When focusing on Greece Streeck’s ire is not only reserved to the troika’s activities and misjudgements. He has a keen eye for the domestic origins of the fiscal crisis in Athens. Streeck emphasises that this crisis is primarily the result of a state that is forced to turn to sovereign indebtedness as a mechanism to replace taxes, which the authorities fail to collect from its better off citizens. Streeck highlights the extensive capital flight beginning in 2009 and the privileged tax status that shipowners, farmers, various liberal professions and the Orthodox Church continue to enjoy in Greece.
For Streeck, a state apparatus that has to transform itself from relying on sovereign indebtedness towards becoming an agent of fiscal consolidation will encounter numerous obstacles along the way. The most important concerns the nexus between democracy and accountability. The legitimacy of fiscal austerity policies, particularly when insisted on over multiple years by international creditors is increasingly being called into question by governments subjected to such measures. Members of the parliamentary opposition and a rising number of citizens across the euro area are seeking to make their voices heard in a cacophony of unorganized and increasingly desperate protest.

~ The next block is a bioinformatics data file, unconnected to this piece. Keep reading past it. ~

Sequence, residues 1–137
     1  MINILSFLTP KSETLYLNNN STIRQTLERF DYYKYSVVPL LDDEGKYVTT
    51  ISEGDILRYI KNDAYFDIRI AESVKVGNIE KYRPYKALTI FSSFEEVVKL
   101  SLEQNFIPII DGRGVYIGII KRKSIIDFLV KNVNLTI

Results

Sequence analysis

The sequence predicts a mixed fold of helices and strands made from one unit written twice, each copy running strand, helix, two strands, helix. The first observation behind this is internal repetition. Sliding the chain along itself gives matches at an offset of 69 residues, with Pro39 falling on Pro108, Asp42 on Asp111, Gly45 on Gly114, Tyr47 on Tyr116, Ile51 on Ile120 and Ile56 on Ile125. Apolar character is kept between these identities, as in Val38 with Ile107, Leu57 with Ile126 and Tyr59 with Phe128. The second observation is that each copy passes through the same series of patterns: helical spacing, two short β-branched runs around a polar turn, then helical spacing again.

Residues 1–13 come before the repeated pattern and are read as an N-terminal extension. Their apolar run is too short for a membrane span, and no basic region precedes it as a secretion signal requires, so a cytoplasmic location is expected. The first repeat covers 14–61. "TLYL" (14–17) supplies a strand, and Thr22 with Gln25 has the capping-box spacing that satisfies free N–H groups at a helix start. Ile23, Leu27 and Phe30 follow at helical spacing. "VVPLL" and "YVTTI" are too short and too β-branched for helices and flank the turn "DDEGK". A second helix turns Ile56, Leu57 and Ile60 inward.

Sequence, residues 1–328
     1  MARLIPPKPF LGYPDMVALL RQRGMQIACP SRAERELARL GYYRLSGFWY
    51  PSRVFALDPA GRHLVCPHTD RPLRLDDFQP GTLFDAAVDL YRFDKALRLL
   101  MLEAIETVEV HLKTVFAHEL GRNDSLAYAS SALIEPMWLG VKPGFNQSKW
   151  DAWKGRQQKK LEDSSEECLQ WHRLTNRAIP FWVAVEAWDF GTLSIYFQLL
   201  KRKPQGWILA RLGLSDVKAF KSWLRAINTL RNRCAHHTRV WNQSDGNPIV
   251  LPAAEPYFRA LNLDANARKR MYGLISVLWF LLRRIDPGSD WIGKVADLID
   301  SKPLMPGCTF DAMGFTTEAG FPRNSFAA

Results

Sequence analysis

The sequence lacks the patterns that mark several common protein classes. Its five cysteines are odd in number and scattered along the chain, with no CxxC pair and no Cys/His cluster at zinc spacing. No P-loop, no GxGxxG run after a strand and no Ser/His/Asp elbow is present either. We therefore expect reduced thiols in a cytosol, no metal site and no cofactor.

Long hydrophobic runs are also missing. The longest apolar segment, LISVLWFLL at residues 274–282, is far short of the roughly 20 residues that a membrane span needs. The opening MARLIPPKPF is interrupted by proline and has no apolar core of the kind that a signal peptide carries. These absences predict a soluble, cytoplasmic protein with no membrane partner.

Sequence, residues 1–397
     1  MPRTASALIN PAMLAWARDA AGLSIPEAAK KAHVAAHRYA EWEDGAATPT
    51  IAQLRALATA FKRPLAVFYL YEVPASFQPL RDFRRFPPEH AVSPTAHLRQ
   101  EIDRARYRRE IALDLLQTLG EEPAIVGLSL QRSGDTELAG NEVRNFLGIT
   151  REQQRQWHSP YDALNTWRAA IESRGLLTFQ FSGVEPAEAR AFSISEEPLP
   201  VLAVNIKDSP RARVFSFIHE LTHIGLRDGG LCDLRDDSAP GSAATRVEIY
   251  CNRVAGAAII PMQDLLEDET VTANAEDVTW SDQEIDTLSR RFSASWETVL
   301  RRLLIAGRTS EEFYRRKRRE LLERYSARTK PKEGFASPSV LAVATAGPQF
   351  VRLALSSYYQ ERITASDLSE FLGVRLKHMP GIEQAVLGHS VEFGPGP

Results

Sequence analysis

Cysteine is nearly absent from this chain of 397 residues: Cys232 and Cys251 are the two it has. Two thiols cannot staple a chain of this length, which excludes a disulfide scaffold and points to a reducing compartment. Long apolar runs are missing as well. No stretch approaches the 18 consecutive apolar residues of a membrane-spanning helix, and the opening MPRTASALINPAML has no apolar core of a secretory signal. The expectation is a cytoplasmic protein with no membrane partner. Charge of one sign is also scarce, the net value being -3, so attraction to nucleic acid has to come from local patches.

This legitimacy crisis now also extends to the troika itself. In November 2013 MPs from the European Parliament’s Economic Affairs Committee launched an inquiry into the troika’s activities and policies for the so-called Programme Countries during the past three years. After visits to the different countries with memorandum arrangements the two rapporteurs from France and Austria are expected to present their final report in March, just ahead of the elections for the new European Parliament in May. One still wonders why this is only happening now, so late in the day? The evidence was there for all to see from 2011.
What remains in the euro area crisis management toolbox today? Fighting private sector and sovereign indebtedness through inflation is rather out of the question. The eurozone currently faces the very real risk of moving from disinflation to outright deflation.
In Streeck’s opinion, the only financial tool left is virtual, namely central banks’ different versions of dropping helicopter money. This is otherwise known as Quantitative Easing I, II, III by the Federal Reserve in the USA and various liquidity facilities (e.g. abbreviated OMT and LTRO, respectively) provided by the European Central Bank (ECB) to financial institutions in the euro area since 2010.